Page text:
Jump to navigation Jump to search
Text replacement - "Ayurveda" to "Ayurveda"
==Preamble of Kalpa Sthana ==
<div style="text-align:justify;">A healthy individual is an asset to any society (and contributes to making a healthy society), while a sick individual will be a liability to his family in particular and the society at large. To keep oneself healthy, Ayurveda lays down the principles of various lifestyles in terms of daily regimen (''dinacharya''), seasonal regimen (''ritucharya'') and modified lifestyles to cure the diseases. Physical exercise for the preservation of health begins with adapting techniques for purification of the body and the mind along with an intake of ''rasayana'' drugs (rejuvenatives). Accumulated ''malas'' (metabolic waste) at the level of cell, tissue or organ should be expunged out to facilitate the restoration of normal functioning of the body by five purificatory procedures (''shodhana karma'') often referred as [[Panchakarma]], namely ''vamana'' (emesis), ''virechana'' (purgation), ''asthapana basti'' (evacuative enema), ''anuvasana basti'' (restorative enema), and ''shirovirechana'' (errhines) are indicated for healthy as well as diseased. If ''malas'' are not taken out of the body, they cause diseases and decay (ageing) of the body. After purification procedures, ''jatharagni'' (gastro-intestinal digestive juices) becomes weak and may not digest the food normally. For restoration of this function, the food that is easily digestible is introduced and increased gradually over a period of time and this procedure is called ''samsarjana karma''. Details of pharmaceutical process of drugs employed in ''vamana'' and ''virechana'' procedures are given in this section and detailed therapeutic implications of all the ''shodhana'' karma in [[Siddhi Sthana]].
''Vamana'' and ''virechana'' therapies should be administered before administering ''basti'' (medicated enema therapy). Therefore, ''vamana'' and ''virechana'' drugs are first described in [[Kalpa Sthana]] before the description of therapy, which is described in detail under [[Siddhi Sthana]]. Generally, purgation therapy is administered only after the administration of emetic therapy and keeping this view the first six chapters are allocated for description of emetic drugs.
==== Sushruta's perspective of Kalpa sthana ====
The subject matter of Kalpasthana in Sushruta samhita is entirely different and deals with one of the Ashtangas of Ayurveda known as Damshtrachikitsa (Toxicology). Sushruta furnished the details of ''vamana'' and virechana drugs in Sutra sthana (43 and 44th chapter). Among vamana dravyas madanaphala, jimutaka pushpa, kutaja phala, ikshvaku pushpa, kritavedhana beeja and dhamargava phala are enumerated. Sushruta identified best virechaneeya drugs based on part used like, trivrit among root purgatives and amongst bark, fruits, oil, juice and latex, the drugs namely tilvaka, haritaki, erandataila (Castor oil), karavellaka and snuhi are considered as best respectively. Trivrit, danti, dravanti, tilvaka, haritaki, chaturangula, erandataila, snuhiksheera, saptala, and shankhini are enumerated under virechaneeya drugs. There is not much difference among the drugs enumerated in Charak and Sushruta, but Sushruta included triphala, erandataila under virechana drugs.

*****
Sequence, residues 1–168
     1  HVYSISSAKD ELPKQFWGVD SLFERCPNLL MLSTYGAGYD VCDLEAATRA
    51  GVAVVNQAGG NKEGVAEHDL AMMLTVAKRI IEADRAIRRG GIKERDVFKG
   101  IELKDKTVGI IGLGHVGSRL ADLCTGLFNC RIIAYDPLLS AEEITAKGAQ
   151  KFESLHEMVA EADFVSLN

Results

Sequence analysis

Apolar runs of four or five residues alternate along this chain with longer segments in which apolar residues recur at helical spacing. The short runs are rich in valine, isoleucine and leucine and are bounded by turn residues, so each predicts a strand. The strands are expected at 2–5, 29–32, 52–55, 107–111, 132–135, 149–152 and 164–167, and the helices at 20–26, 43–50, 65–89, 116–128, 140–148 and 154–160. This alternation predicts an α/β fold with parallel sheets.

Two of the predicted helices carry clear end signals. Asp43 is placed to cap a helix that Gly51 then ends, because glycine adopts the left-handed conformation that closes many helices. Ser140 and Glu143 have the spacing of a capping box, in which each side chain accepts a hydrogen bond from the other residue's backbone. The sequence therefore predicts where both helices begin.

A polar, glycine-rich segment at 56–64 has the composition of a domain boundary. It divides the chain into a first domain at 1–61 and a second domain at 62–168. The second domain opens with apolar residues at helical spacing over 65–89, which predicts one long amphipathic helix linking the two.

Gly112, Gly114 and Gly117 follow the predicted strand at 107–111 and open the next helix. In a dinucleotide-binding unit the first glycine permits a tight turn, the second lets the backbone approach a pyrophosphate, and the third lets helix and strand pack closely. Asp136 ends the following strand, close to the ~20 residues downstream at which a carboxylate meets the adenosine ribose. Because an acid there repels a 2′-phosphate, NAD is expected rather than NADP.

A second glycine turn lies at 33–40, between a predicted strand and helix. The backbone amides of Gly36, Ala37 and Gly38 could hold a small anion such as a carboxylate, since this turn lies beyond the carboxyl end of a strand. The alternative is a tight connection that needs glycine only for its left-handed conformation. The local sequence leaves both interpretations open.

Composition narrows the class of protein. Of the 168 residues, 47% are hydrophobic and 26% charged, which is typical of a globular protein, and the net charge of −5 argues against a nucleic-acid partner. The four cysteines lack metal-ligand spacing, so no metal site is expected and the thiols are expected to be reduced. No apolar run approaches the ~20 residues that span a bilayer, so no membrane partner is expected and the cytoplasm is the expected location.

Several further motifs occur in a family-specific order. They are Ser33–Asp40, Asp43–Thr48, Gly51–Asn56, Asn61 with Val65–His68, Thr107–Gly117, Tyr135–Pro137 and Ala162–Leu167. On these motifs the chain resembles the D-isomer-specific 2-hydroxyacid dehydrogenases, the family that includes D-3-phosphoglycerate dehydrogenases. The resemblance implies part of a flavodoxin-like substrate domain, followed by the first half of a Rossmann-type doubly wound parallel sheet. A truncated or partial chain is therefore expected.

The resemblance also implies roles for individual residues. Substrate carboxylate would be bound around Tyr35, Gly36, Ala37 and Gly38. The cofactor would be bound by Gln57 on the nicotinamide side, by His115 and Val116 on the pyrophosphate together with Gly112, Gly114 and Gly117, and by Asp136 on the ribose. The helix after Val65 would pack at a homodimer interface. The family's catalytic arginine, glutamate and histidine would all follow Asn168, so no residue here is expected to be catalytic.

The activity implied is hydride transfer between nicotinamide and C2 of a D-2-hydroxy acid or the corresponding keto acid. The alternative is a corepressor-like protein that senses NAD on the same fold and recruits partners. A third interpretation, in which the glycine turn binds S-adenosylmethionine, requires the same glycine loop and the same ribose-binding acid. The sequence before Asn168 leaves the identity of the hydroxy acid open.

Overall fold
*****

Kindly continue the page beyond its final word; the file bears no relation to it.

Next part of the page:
Charak suggested root bark of tilvaka while Sushruta instructed to use bark of tilvaka. A purgative recipe is suggested for children, old people, delicate and patients suffering from dhatukshaya (weight loss/wasting condition) by Sushruta which includes erandataila (Castor oil) mixed with triphala kwatha and milk or meat soup. He also suggested chaturangula for children up to age 12. It appears that Sushruta suggested easily available purgatives.<ref>Sushruta samhita, Ed. By G. D. Shingal et al., Sutra Sthana 44/72-77.</ref>
Ayurvedic classics have advocated to collect the medicinal plants according to part used and seasons in order to get desired pharmacological action and therapeutic benefits. Sushruta, Charak and other acharyas advocate the collection of various parts of medicinal plants in different seasons. The logic behind such recommendations has been validated by recent modern scientific research.
In a study the variations in the phytoconstituents of ''Ashwagandha'' root was evaluated according to lunar cycles with regard to ''grishma'' and ''shishira ritu'' (summer and late winter season). In this study, total phenolic, flavonide and carbohydrate content of ''Ashwagandha'' root were found more in ''poornima'' (full moon day) samples. GAP (''Grishma Ashadha Poornima'', or the full moon night occurring in the ''Grishma-Ashadha'' season) samples showed maximum differentiation from rest of the samples with regards to TCA, TCW, TFW, MEx, WEX, pH etc. parameters. The ''Grishma-Jyeshtha Poornima'' (GJP) and GAP samples were found to be superior than ''Amavasya'' (new moon day) samples with regard to functional groups and with anoloid content respectively. <ref>Tavhare SD, Nishteswar K, Shukla VJ. Effect of seasonal variations on the phytoconstituents of Aśvagandhā w.r. to lunar cycles. Ancient Sci Life. 2016;35((3)):150–8 available online https://www.ncbi.nlm.nih.gov/pmc/articles/PMC4850775/</ref> <ref>Tavhare SD, Nishteswar K, Shukla VJ. Influence of lunar cycles on growth of Ashwagandha(Withania somnifera [L.] Dunal). AYU [serial online] 2015 [cited 2019 Jan 22];36:258-64. Available from: http://www.ayujournal.org/text.asp?2015/36/3/258/182763 </ref> Such type of studies validate the concept of seasonal collection of drug delineated in Ayurveda classics like [[Charak Samhita]] and ''Sushruta Samhita''.
=== Contemporary perspective ===